Honor (2006)

(2006)- * *

Directed by: David Worth

Starring: Roddy Piper, Russell Wong, Joanna Pacula, Jason Barry, Linda Park, 

LT Tyrell (Piper) is an L.A. cop and bar owner, and he and his wife Rose (Pacula) are thinking of packing it all up and retiring to Brazil. A guy named Ray (Wong) is the neighborhood baddie, who not only sends out his goons to get protection money from the local businesses, he also stages underground Punchfights. He also has a tragic history with Tyrell.

When the Tyrell's adopted son Gabriel (Barry) comes back from a Special Ops mission, he seems disturbed. The seemingly-ubiquitous Ray forces Gabriel to Punchfight for him, threatening that for every fighter Gabriel beats, that's one member of the Tyrell family he'll leave alone. Even Kate (Park), Tyrell's former partner, is powerless to stop all this feuding and brawling. Will it all be just a matter of HONOR?

Well, it's better than director David Worth's previous effort American Tigers (1996), but that's not saying much. Honor is humorless and dour; the problem with these latter-day Punchfighters is that by this point in time, viewers have seen this type of thing many, many times before. 

By the time the 2000's rolled around, makers of Punchfighters could not just retread the same old ground. They either had to bring something new to the table, or at least make it fun. Shootfighter (1993) had colorful characters that were clearly delineated, such as Boa and Mongoose. Fist Fighter (1989) had memorable characters such as Punchy. Warrior of Justice (1995) is just a spasm of pure insanity dreamt up by the fevered mind of Jorgo Ognenovski. Honor has none of these sorts of attributes. By 2006, what Honor was doing was pretty well-worn stuff.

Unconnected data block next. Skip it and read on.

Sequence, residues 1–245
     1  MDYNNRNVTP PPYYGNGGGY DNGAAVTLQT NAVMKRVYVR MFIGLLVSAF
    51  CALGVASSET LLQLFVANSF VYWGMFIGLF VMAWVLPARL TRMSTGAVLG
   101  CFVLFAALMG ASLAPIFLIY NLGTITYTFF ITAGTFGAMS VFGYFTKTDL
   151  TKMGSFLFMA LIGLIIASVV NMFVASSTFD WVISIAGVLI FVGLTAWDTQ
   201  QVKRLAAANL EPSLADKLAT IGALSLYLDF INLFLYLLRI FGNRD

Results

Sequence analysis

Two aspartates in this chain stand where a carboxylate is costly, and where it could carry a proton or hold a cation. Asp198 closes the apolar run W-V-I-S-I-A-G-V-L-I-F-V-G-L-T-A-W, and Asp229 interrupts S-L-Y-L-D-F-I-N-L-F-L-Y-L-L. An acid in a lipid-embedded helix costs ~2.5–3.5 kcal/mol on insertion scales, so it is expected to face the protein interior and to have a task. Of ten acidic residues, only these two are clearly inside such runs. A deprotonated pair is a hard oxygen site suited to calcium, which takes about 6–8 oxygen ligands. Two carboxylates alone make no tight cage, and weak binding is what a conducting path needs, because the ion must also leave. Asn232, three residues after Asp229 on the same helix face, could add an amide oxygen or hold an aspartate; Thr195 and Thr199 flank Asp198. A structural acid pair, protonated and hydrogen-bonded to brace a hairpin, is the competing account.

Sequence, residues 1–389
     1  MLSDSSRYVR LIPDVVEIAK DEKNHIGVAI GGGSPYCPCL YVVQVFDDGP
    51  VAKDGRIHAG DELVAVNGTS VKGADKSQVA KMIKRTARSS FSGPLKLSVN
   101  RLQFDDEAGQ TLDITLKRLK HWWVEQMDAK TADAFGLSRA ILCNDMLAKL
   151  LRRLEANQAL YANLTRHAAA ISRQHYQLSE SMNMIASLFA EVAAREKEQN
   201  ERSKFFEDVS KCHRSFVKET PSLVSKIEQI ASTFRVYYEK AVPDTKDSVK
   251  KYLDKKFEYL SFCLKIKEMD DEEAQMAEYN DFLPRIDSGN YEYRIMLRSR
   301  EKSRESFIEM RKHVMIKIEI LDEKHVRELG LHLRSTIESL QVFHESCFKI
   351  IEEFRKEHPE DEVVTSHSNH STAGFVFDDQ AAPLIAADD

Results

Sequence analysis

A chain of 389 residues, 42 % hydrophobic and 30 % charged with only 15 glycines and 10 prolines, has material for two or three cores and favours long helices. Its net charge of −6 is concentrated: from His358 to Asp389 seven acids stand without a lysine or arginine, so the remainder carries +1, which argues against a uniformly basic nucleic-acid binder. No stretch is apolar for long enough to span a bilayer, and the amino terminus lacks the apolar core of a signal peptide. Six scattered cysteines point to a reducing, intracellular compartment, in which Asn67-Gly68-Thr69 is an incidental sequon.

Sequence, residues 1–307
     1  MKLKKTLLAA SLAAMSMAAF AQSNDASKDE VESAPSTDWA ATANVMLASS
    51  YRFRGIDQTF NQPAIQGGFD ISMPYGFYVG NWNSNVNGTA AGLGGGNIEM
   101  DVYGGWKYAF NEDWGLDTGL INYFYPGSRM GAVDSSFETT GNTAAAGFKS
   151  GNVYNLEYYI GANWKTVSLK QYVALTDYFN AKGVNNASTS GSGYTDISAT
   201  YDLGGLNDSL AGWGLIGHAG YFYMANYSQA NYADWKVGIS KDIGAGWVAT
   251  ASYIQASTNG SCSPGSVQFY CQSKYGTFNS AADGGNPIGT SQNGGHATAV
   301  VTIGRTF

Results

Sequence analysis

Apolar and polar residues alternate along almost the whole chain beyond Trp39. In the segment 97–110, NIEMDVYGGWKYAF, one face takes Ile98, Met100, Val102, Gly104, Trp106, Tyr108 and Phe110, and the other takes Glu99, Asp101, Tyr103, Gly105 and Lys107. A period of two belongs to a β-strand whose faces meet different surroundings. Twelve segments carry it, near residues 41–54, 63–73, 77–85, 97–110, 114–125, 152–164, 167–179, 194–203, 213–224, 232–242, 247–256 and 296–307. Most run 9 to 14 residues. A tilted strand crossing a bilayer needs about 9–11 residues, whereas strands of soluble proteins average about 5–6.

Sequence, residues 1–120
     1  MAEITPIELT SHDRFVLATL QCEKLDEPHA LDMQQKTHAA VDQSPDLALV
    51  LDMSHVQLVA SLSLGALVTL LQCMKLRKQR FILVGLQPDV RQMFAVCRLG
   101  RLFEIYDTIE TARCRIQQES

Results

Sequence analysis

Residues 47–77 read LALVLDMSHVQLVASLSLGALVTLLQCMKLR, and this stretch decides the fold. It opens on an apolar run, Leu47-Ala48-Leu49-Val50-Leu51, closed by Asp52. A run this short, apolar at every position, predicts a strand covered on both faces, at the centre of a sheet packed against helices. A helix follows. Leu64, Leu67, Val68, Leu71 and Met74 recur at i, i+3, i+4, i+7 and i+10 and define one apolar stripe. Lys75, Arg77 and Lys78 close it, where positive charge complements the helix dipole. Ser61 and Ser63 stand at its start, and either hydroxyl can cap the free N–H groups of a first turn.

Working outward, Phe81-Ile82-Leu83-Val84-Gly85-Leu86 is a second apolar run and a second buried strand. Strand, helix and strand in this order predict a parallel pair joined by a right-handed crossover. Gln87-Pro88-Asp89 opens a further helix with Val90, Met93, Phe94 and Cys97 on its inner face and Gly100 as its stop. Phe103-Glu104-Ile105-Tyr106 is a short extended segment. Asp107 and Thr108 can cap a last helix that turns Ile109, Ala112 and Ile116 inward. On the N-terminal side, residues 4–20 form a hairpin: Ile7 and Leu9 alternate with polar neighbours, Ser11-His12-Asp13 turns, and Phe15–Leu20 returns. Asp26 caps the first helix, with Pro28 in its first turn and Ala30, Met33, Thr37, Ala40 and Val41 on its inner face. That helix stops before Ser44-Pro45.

Not that it's all bad, of course. Thankfully, the filmmakers had the good sense to make it 80 minutes. That was a blessing. Something like Honor should be 80 minutes. It's perfect for that sort of running time, and other makers of these sorts of things should "Honor" the viewers' time like this. So points go to them for that. Plus, it's always nice to see one of our heroes, Roddy Piper.

He gives one of his more serious dramatic performances that we've seen to date. The problem with the Tyrell character is that a nice guy like him isn't going to start busting heads right away. He has a long fuse, which means we have to wait quite a while until we see Roddy unleashed. 

Some people might not like that. However, viewers won't fail to miss the They Live graffiti on the wall, as it's shown twice, rather clearly. And Jason Barry as Gabriel was also rather brooding as the estranged son. Russell Wong stands out as the evil baddie that the audience can boo and hiss at.

The directorial career of David Worth is certainly a mixed bag. While we enjoyed Lady Dragon (1992) and Lady Dragon 2 (1993), and Chain of Command (1994), not to mention True Vengeance (1997), we have mixed feelings about Air Strike (2004). We weren't crazy about Soldier's Revenge (1986) and the aforementioned American Tigers is pretty awful. We've been on the record for years about how we think Kickboxer (1989) is overrated. Honor falls into the mid-range/end of the Worth spectrum. It's not entirely "Worth"-less but it definitely could have used some color or pizazz of some sort.

So, for the Piper factor and the reasonable running time, Honor may be 'worth' checking out for Punchfighting fans. But keep your expectations tamped.

Comeuppance Review by: Brett and Ty

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